A rather disturbing statistic recently came to my attention. It would appear that only between 12 and 15% of all books, records, archives and historical corrospondence has been scanned and is available on the Internet.
So what? you may ask. The problem is this. Increasingly more researchers are using the Internet as their primary source of information. I, for one, am guilty here. This means that I am only getting 12 to 15% of the story. And not only that, but the information I am getting is only that which has been scanned by American companies, such as Google.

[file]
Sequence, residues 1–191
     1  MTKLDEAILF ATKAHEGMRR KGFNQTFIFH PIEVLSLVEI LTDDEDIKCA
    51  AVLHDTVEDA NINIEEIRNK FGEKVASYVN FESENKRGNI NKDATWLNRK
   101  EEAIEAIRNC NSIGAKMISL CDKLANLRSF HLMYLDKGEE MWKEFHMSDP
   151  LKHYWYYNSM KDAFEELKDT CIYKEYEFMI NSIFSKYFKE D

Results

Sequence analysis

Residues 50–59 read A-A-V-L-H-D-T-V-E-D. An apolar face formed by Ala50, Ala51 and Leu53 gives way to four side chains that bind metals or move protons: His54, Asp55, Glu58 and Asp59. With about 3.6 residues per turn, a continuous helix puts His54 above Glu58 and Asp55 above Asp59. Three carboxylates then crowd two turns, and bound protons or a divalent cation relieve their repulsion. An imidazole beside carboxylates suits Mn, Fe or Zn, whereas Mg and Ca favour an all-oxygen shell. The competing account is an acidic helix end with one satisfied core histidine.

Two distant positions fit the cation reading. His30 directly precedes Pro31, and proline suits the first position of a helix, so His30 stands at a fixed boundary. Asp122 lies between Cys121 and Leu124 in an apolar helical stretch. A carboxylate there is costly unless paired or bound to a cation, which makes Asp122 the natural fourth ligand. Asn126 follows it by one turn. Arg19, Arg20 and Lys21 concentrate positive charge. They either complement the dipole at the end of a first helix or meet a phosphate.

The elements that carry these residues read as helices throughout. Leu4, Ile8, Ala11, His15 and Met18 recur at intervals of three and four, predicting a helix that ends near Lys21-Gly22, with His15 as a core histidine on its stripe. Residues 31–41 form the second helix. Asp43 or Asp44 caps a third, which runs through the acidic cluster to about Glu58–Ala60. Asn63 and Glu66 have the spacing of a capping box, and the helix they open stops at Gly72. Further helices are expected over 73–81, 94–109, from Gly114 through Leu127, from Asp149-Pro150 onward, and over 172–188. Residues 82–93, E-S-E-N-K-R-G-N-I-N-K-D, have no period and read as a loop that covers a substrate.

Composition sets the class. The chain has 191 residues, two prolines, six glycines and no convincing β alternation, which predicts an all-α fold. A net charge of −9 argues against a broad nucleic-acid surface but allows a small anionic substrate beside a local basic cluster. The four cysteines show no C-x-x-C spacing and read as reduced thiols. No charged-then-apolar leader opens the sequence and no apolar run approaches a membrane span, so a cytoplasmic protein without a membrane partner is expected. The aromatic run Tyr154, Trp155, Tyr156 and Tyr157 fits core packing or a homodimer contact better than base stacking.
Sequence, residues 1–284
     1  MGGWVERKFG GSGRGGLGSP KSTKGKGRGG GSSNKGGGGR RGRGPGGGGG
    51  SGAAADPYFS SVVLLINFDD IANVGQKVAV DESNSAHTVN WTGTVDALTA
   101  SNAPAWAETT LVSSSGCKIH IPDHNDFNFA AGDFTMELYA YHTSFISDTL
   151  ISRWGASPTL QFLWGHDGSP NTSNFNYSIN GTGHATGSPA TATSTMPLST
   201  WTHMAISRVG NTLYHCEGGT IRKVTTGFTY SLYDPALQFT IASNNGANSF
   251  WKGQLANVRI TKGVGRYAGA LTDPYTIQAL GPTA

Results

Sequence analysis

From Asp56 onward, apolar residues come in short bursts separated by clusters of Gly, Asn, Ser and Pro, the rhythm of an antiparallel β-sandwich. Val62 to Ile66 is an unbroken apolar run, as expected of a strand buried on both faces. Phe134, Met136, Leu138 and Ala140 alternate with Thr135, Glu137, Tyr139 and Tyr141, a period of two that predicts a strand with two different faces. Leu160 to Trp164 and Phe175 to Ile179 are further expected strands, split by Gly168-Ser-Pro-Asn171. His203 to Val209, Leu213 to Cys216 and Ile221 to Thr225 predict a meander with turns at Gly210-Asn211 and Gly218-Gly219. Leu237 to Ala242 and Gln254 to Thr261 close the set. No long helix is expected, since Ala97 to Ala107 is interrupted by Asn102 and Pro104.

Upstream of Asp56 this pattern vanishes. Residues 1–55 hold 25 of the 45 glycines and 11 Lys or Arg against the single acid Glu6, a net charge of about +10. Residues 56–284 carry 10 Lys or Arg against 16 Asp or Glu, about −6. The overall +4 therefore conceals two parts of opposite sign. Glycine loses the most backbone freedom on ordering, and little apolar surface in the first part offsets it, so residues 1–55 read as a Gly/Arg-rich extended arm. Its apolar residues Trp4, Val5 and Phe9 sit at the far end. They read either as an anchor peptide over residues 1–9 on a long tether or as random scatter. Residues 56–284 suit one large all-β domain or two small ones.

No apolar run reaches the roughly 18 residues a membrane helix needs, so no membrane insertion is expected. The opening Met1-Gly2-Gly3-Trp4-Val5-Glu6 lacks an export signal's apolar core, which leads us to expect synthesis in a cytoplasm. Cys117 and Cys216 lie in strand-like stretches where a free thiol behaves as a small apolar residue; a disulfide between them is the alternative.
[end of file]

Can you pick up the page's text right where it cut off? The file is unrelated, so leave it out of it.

I am thus getting a limited and biased answer for every question I innocently type into my search engine. Scary stuff !!
What is the answer then? If we accept that all current information being produced is in digital form, then all we have to do is get rid of the backlog. How?
How about an x-ray scanner ???
We are able to scan the human body in slices a few microns thick. Why can’t we do the same with books and use OCR Software to convert it at the same time?
Picture this. A pile of books 2 metres high. An X-rays scanner above. Press a button and voila. 25 000 pages scanned, both sides, collated and saved. And the books haven’t even been opened. Next?
Quotation of the Day:
History will be kind to me for I intend to write it.
Sir Winston Churchill (1874 – 1965)